Energy Efficiency as the First Line of Defense – Nicole Biggart EEC Director
To enhance U.S. energy security, reduce greenhouse-gas emissions and strengthen the economy, the Obama Administration has made clean and renewable energy a top priority. But most of the payoff for that investment will be over the long term. Energy efficiency is the fastest, cheapest and cleanest solution to implement now. Professor Nicole Woolsey Biggart, director of the UC Davis Energy Efficiency Center, shared her insights on energy efficiency at the 14th annual Milken Institute Global Conference in Los Angeles in May. She joined Geoff Chapin, founder and CEO of Next Step Living Inc., James Davis, president of Chevron Energy Solutions, and David Arfin, CEO of First Energy Finance, to address ways to accelerate energy efficiency technologies, practices and behavioral changes. Established in 1998 by the non-partisan think tank, the Milken Institute Global Conference explores the most pressing social, political and economic challenges. Among the participants are hundreds of CEOs from the world’s top-tier companies, senior foreign and U.S. government officials, forward-thinking academic experts, journalists, and leaders in global capital markets, education, health care and philanthropy.
Biggart continues travel to top business schools and international conferences to present her research on how commercial construction industry practices thwart the use of more efficient, innovative and greener technologies. Most recently, she shared this research, co-authored with Professor Thomas D. Beamish of the UC Davis Sociology Department, at the McCombs School of Business at the University of Texas, Austin, and at the Cox School of Business at Southern Methodist University.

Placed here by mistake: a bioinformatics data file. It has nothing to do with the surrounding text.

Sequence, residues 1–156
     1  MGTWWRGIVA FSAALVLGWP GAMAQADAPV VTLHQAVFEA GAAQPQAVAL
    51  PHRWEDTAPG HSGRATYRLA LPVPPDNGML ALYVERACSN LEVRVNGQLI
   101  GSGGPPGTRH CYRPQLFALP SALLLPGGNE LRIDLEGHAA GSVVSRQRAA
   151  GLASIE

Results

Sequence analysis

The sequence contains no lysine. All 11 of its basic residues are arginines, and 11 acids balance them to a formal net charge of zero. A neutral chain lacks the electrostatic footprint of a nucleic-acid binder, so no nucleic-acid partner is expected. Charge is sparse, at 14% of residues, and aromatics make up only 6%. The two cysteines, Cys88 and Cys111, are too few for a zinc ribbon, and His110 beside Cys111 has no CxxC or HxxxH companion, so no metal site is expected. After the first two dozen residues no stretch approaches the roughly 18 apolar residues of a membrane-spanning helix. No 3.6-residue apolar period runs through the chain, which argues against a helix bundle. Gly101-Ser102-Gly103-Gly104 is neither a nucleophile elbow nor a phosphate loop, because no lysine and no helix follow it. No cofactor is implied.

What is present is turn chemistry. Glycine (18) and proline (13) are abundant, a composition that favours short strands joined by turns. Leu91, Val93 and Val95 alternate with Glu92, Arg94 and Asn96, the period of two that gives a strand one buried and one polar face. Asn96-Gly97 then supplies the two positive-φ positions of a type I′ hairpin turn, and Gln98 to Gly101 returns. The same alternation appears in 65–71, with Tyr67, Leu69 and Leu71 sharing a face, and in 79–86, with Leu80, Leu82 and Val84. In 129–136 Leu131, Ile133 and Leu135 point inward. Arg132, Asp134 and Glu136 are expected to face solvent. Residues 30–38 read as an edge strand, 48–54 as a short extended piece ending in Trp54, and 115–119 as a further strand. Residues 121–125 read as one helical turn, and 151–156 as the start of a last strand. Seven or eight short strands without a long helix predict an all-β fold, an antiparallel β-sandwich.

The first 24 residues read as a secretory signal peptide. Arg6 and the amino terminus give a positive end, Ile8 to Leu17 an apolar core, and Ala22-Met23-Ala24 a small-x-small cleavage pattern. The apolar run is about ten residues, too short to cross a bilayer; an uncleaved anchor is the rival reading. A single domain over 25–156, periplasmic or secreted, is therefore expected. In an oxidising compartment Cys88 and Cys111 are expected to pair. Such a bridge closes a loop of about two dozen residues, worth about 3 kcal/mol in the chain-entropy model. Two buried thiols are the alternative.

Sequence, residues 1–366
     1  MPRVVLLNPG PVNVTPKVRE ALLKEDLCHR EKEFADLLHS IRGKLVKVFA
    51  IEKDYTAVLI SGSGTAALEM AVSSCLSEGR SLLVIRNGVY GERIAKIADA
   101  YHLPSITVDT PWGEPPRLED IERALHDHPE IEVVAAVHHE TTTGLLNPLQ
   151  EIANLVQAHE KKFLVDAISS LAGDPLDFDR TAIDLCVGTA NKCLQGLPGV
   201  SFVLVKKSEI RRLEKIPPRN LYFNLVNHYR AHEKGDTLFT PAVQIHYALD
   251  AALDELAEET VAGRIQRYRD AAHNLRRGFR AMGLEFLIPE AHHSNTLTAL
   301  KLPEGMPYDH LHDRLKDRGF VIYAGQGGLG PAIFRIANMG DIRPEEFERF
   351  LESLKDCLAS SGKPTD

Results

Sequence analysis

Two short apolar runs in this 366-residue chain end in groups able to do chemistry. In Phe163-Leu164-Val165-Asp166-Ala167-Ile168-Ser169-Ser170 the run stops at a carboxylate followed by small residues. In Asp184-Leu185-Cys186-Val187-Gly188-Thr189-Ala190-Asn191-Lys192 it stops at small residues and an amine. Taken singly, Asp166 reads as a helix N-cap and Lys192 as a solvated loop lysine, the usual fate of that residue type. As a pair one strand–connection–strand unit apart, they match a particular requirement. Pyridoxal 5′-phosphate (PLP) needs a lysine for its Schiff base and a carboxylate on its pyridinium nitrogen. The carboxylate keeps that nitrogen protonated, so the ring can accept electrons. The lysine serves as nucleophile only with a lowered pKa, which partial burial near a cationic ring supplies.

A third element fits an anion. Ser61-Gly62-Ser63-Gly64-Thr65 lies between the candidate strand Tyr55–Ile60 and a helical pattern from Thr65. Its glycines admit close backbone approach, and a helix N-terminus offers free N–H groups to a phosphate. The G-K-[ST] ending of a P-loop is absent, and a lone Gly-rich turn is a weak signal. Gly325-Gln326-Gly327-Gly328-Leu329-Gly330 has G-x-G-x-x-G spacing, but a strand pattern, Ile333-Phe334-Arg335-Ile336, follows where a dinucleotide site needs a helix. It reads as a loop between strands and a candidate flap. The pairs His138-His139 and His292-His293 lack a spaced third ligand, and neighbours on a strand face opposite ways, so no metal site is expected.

In November Biggart served as a biennial Advisory Board member at one of Germany’s most prestigious and successful research organizations, the Max Planck Institute for the Study of Societies in Cologne. The institute’s interests include economic sociology and political economy with specific focus on the European Union. Biggart was among eight international scholars invited to review research productivity and trajectories of the Institute.
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EEC Associate Director Turrentine quoted in The Miami Herald
EEC Associate Director and UC Davis Plug-in Hybrid Electric Vehicle Research Center Director Tom Turrentine was recently quoted in The Miami Herald article titled "Will buying an electric car make an environmental difference?". For the entire article, go to: http://www.miamiherald.com/2011/04/11/2161579/will-buying-an-electric-car-make.html
EEC Associate Director Siminovitch quoted in The New York Times
EEC Associate Director and UC Davis California Lighting Technology Center director Michael Siminovitch was recently quoted in The New York Times business section article titled "In Battle of the Bulbs, One Based on TV Tubes". For the entire article, go to: http://www.nytimes.com/2011/03/21/technology/21lamp.html?_r=1&emc=eta1.
UC Davis to Cut Energy Use by 60 Percent
The University of California, Davis and the California Lighting Technology Center (CLTC) have announced a commitment to reduce the campus’s electricity use for lighting by 60% by the end of 2015. The Smart Lighting Initiative makes UC Davis the first large institution to commit to a sweeping cut in energy use after the California Public Utilities Commission (CPUC) released a plan in September to leverage advanced products and best practices to transform the lighting market and achieve a 60-80% reduction in statewide electrical lighting energy consumption.
The UC Davis initiative would reduce campus electricity use by about 30 million kWh and its carbon footprint by about 6,650 metric tons of CO2E. The university would save an estimated $3 million annually in electric costs, in addition to savings from reduced cooling needs and maintenance costs.